"Echo," the sixth Kate Redman novel, catapults author Celina Grace into the same realm as Margaret Maron, and Deborah Crombie. In Echo, the slight bumps and snags of Grace's earlier portrayals of Redman are gone. Redman's voice is now clearly heard. She is a tough police officer with a strong moral compass, a struggling, conflicted daughter, and a single woman trying to combine career and relationships.
The plot took my breath away. A mudslide uncovers the remains of a young woman who died forty years ago. The hunt for this woman's identity and the circumstances of her death bring modern forensic technology to an old crime. Along the way, the conscious, deliberate failure of certain social and community leaders to protect young women placed under their care during the 70s and 80s is exposed. Their crimes are heinous. The still raw wounds of the surviving victims of these crimes haunt Redman, especially when the crimes impact her family and threaten to derail her career.
The voices of the victims of past crimes against children echo today in the halls of churches, schools, homes and sports arenas. Law enforcement has only just started to bring justice to these victims. Echo reminds us that, although most of the echoes of the voices of victims of long ignored crimes still have not been heard, there are brave individuals fighting to change that. I highly recommend Echo, I could not put the book down. If you have not read the other five Kate Redman books, read them as well. You will not be disappointed.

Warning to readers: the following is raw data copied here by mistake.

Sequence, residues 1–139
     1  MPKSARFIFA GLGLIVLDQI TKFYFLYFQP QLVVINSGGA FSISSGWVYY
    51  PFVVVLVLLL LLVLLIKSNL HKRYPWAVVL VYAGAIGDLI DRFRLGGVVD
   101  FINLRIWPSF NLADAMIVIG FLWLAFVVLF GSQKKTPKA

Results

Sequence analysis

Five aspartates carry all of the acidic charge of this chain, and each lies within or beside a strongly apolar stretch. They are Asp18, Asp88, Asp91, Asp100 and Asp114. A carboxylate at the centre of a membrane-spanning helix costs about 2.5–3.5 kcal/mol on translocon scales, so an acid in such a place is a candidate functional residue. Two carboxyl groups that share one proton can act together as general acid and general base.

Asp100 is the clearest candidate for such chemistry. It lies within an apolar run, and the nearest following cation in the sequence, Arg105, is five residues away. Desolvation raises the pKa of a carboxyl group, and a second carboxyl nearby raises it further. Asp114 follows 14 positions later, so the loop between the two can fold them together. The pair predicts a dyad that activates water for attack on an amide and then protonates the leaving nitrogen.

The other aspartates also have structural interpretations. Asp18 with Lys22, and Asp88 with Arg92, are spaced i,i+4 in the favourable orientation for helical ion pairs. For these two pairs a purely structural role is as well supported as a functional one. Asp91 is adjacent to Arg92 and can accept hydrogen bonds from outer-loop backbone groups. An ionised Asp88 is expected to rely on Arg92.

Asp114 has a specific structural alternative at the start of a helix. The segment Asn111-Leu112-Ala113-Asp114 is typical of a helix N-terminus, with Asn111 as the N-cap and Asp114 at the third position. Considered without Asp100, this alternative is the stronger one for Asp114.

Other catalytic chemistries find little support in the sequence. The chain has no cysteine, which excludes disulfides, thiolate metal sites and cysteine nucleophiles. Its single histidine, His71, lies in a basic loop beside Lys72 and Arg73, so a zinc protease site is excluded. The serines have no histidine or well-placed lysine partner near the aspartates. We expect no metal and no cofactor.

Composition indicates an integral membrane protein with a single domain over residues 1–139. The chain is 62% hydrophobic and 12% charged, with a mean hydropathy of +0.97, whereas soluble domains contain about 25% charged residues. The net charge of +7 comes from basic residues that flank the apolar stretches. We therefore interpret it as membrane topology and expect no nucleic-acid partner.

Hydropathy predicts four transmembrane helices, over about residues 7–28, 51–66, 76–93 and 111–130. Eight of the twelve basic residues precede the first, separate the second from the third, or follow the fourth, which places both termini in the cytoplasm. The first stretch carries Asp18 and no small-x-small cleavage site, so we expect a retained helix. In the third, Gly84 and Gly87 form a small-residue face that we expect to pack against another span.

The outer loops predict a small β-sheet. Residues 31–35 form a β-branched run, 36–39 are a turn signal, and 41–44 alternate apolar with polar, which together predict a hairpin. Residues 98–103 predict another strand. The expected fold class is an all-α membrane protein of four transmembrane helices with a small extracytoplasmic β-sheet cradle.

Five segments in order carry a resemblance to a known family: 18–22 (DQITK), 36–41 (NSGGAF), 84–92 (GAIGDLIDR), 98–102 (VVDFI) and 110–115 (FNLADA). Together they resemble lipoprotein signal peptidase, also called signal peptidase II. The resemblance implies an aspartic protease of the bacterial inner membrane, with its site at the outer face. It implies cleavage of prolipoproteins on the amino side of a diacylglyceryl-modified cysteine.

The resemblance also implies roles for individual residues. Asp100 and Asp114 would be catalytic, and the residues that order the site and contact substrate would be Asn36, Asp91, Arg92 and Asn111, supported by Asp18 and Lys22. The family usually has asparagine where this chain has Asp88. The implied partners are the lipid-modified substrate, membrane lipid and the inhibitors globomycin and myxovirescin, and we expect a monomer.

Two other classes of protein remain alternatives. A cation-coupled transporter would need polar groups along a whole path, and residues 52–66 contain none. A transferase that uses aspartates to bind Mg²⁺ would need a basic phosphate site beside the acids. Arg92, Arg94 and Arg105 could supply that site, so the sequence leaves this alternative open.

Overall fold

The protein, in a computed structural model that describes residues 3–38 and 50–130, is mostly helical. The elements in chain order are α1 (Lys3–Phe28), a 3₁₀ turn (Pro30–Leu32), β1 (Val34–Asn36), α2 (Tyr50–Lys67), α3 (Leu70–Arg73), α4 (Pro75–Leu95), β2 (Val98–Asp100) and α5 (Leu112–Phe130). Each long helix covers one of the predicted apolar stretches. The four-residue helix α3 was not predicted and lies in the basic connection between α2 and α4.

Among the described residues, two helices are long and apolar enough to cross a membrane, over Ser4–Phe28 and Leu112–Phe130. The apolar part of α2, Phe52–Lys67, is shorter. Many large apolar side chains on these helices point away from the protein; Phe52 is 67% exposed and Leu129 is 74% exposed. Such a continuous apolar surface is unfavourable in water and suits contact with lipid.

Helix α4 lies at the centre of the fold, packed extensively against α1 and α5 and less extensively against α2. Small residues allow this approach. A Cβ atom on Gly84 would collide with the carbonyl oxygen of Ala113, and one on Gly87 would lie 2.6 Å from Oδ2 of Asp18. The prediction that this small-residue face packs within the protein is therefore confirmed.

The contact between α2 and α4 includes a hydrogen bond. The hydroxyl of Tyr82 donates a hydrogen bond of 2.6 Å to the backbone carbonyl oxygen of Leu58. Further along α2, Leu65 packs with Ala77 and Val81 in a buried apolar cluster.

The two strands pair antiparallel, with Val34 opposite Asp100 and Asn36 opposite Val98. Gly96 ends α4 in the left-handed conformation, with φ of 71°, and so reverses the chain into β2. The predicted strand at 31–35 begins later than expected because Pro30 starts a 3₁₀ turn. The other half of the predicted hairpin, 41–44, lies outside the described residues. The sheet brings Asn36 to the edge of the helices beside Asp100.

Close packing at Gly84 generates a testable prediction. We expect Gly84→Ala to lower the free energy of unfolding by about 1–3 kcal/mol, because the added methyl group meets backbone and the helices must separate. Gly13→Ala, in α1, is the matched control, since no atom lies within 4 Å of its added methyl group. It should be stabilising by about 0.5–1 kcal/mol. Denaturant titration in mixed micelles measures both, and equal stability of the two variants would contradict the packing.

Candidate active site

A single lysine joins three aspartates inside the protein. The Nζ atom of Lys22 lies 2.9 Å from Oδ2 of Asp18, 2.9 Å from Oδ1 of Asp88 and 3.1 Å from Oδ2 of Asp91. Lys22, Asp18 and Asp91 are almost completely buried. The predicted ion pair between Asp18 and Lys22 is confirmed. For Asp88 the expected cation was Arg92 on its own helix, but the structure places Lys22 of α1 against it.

Print Length: 174 pages
Simultaneous Device Usage: Unlimited
Publisher: Isaro Publishing Limited (April 19, 2015)
Publication Date: April 19, 2015
Sold by: Amazon Digital Services LLC